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Lessons from the 2018 International Symposium on Alternatives Assessment: Advances and Reflections on Practice and Ongoing Needs to Build the Field.

Authors
  • Tickner, Joel1, 2
  • Simon, Rachel1, 2
  • Jacobs, Molly1, 2
  • Rudisill, Cathy3
  • Tanir, Jennifer4
  • Heine, Lauren5
  • Spencer, Pamela6
  • Fantke, Peter7
  • Malloy, Tim8
  • Edwards, Sally2
  • Zhou, Xiaoying9
  • 1 University of Massachusetts Lowell, Department of Public Health, Lowell, Massachusetts, USA.
  • 2 Lowell Center for Sustainable Production, University of Massachusetts Lowell, Lowell, Massachusetts, USA.
  • 3 SRC, Inc, Syracuse, New York, USA.
  • 4 ToxServices LLC, Washington, DC, USA.
  • 5 Northwest Green Chemistry, Seattle, Washington, USA.
  • 6 ANGUS Chemical Company, Buffalo Grove, Illinois, USA.
  • 7 Technical University of Denmark, Quantitative Sustainability Assessment Group, Kongens Lyngby, Denmark. , (Denmark)
  • 8 University of California Los Angeles, Sustainable Technology Policy Program, School of Law & School of Public Health, Los Angeles, California, USA.
  • 9 Safer Consumer Products Program, California Department of Toxic Substances Control, Sacramento, California, USA.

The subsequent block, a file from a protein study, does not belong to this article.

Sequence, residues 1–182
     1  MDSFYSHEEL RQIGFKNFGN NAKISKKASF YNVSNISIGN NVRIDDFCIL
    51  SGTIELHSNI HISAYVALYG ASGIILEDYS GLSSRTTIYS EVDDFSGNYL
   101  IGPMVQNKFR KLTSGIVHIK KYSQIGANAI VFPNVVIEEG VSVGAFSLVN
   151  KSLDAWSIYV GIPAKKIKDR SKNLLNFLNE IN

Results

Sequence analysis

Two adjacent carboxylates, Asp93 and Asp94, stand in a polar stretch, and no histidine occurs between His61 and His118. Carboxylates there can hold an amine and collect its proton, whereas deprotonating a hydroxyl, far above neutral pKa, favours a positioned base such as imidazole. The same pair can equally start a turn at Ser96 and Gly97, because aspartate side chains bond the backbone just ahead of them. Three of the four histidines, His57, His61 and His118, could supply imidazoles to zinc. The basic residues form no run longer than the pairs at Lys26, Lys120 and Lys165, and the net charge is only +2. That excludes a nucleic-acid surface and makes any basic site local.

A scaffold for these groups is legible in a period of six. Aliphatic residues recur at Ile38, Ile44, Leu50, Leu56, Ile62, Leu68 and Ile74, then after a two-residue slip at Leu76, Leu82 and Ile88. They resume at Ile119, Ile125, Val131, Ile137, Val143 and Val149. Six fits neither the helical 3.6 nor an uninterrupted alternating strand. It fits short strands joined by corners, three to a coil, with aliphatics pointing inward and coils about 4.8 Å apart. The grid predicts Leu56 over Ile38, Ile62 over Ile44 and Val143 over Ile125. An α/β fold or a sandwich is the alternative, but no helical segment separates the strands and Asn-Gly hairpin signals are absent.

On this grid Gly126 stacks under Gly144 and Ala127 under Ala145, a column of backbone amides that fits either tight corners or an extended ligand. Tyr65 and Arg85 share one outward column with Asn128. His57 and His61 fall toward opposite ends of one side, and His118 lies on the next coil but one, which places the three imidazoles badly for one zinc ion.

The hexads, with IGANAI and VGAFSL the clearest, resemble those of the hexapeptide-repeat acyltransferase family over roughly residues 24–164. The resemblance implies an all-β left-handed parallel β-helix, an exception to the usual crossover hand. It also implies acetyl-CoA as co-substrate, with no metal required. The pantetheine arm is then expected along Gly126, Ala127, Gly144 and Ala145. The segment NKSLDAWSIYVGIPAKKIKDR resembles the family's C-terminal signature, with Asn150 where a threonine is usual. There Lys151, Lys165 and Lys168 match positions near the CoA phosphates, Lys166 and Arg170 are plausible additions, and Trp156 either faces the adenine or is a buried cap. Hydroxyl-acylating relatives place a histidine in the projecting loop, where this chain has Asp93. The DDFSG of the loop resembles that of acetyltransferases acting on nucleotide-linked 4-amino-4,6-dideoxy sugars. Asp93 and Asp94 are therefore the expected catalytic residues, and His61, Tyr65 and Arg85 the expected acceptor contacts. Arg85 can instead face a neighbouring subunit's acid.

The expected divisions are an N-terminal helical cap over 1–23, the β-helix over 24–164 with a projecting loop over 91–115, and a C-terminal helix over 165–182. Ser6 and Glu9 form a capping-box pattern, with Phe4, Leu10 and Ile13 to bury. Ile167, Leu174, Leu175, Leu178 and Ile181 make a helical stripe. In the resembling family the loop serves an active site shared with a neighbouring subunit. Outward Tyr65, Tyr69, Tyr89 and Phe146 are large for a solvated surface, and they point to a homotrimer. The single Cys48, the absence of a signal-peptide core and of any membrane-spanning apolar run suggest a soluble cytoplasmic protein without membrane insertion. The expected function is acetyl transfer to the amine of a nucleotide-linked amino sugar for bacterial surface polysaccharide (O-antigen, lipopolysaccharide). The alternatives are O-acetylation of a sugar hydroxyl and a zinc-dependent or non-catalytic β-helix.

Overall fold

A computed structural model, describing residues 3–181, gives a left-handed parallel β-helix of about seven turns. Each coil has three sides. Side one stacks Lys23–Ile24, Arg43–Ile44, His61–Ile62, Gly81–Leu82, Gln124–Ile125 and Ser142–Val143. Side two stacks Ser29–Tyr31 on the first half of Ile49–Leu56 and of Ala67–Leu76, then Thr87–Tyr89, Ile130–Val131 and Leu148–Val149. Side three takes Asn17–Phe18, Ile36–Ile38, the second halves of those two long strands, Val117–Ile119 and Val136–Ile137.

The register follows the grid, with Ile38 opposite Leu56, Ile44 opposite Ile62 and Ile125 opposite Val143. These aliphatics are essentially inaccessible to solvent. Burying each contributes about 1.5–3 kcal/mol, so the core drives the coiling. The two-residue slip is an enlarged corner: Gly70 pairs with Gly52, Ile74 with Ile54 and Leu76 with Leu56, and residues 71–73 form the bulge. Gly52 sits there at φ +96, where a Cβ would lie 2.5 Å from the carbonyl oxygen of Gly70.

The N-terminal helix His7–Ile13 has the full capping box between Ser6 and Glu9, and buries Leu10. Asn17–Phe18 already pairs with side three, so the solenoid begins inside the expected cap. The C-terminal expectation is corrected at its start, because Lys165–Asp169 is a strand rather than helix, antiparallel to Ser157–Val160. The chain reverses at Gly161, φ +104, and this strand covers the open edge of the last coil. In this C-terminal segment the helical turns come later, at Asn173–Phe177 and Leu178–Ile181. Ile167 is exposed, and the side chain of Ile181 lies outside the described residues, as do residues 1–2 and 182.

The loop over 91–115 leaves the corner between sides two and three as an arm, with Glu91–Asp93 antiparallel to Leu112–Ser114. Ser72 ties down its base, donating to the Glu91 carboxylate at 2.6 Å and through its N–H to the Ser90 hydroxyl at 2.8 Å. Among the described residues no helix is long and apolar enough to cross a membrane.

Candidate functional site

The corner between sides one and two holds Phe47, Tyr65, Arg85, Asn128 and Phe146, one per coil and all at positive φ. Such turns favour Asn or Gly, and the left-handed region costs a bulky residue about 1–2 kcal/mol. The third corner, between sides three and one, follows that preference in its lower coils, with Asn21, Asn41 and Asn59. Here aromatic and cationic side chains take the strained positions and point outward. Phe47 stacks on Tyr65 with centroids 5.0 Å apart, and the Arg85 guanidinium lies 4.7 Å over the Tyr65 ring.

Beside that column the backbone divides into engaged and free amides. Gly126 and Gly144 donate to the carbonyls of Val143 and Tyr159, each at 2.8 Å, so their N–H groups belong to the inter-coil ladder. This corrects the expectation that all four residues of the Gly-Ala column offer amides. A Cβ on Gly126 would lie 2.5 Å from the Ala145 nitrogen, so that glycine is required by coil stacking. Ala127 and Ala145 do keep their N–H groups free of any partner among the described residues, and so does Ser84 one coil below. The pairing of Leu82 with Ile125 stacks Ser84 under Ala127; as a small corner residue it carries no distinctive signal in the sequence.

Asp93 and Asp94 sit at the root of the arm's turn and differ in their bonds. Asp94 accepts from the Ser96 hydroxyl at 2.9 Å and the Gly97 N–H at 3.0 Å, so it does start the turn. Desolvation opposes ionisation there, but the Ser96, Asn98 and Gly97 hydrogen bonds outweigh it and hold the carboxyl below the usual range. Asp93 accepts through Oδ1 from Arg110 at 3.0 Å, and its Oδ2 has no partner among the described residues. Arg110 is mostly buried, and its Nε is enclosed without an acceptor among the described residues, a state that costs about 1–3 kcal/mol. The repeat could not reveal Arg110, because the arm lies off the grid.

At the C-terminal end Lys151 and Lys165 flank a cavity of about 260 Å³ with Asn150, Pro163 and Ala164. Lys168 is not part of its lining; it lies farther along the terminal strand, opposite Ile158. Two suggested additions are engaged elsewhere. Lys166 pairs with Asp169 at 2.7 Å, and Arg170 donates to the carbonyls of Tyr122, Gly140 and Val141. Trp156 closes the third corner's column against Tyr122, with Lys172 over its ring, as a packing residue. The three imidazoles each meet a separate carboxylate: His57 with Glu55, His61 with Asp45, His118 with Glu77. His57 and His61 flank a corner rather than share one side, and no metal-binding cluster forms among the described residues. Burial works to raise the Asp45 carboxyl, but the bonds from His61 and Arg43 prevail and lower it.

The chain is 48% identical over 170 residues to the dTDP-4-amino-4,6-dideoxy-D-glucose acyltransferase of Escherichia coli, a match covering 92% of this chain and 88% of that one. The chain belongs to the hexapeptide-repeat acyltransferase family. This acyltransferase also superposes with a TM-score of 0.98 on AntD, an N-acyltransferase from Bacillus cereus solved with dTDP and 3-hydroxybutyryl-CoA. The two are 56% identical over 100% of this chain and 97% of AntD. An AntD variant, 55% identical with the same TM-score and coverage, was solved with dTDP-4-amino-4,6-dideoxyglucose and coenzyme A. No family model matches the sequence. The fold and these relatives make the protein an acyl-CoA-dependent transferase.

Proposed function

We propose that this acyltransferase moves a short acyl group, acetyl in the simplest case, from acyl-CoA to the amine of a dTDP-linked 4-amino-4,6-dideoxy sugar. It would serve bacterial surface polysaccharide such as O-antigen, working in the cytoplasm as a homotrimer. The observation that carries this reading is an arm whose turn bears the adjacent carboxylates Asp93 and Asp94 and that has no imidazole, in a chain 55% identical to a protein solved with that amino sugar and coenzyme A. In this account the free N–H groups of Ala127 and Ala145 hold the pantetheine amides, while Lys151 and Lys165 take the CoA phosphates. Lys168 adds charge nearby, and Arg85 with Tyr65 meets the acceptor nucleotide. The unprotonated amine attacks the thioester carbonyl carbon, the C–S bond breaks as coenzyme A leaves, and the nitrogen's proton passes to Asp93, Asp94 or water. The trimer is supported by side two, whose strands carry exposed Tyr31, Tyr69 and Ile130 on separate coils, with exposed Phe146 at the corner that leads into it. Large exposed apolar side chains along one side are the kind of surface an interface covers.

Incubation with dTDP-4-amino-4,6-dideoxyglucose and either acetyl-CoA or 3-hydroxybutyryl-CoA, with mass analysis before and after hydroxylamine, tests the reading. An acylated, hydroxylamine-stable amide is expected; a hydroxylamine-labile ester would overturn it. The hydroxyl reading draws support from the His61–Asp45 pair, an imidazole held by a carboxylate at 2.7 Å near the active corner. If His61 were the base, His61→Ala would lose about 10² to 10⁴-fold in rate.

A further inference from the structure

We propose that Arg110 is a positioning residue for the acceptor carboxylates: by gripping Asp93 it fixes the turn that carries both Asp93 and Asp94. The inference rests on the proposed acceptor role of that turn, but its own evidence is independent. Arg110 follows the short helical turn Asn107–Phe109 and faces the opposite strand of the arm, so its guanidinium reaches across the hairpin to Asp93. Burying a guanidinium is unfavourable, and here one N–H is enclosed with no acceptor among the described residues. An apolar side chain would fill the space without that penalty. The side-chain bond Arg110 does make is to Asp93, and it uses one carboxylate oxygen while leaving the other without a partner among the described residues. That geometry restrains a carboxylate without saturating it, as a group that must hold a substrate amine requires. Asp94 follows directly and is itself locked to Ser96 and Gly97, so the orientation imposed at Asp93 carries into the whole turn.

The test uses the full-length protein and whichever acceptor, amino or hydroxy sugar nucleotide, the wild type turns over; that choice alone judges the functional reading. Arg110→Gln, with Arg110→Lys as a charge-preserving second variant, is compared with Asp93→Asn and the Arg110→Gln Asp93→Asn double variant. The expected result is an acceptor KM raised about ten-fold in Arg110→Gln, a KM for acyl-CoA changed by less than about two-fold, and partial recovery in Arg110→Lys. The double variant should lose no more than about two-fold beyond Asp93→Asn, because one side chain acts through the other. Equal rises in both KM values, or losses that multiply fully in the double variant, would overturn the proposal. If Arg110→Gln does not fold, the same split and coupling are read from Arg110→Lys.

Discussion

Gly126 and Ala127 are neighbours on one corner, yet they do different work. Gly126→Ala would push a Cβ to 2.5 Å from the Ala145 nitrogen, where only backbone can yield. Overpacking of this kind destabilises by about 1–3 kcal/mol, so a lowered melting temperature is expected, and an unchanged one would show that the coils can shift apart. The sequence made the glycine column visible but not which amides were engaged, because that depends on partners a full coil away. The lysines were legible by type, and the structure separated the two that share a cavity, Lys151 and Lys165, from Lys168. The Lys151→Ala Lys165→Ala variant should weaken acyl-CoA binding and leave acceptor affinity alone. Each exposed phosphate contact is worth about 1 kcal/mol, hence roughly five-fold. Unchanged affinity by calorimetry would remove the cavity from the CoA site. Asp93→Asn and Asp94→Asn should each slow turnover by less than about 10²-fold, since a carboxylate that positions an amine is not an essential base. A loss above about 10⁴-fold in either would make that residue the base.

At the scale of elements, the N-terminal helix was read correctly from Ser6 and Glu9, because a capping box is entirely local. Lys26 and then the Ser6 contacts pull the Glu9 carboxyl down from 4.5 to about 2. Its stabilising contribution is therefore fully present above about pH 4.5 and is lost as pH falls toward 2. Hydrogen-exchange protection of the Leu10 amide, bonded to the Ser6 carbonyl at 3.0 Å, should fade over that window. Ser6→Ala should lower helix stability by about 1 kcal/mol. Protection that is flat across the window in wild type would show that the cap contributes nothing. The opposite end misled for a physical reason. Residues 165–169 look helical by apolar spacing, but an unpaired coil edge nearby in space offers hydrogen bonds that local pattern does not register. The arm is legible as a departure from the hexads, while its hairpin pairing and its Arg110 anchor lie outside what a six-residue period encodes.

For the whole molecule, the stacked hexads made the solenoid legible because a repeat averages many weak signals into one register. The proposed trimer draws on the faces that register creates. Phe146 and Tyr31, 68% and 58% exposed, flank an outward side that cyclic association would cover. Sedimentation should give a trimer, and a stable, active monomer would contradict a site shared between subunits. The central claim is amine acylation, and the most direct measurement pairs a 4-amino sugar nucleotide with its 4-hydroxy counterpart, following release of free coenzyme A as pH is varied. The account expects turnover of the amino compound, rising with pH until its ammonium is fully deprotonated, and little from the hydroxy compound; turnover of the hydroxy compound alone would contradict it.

Type
Published Article
Journal
Integrated Environmental Assessment and Management
Publisher
Wiley (John Wiley & Sons)
Publication Date
Nov 01, 2019
Volume
15
Issue
6
Pages
909–916
Identifiers
DOI: 10.1002/ieam.4213
PMID: 31535774
Source
Medline
Keywords
Language
English
License
Unknown

Abstract

Alternatives assessment is gaining traction as a systematic method to support the informed substitution of chemicals of concern. The 2nd International Symposium on Alternatives Assessment, on 1-2 November 2018, convened nearly 150 professionals from government agencies, industry, consultant firms, academia, and advocacy organizations to advance a greater understanding of the evolving methods, practices, and challenges in the use of alternatives assessment. This article reviews highlights and lessons from the symposium, including 1) notable advances in methods, 2) shared insights from practitioners on best practices as well as inherent tensions and challenges, and 3) research and practice needs in the field that can be addressed by organizations such as the newly launched Association for the Advancement of Alternatives Assessment. Being interdisciplinary in nature, the establishment of educational frameworks across disciplines and inclusion of diverse expertise in hazard and exposure assessments, life cycle impacts considerations, design principles, and economic and engineering evaluations will ensure continued growth of the field. Integr Environ Assess Manag 2019;00:1-8. © 2019 SETAC. © 2019 SETAC.

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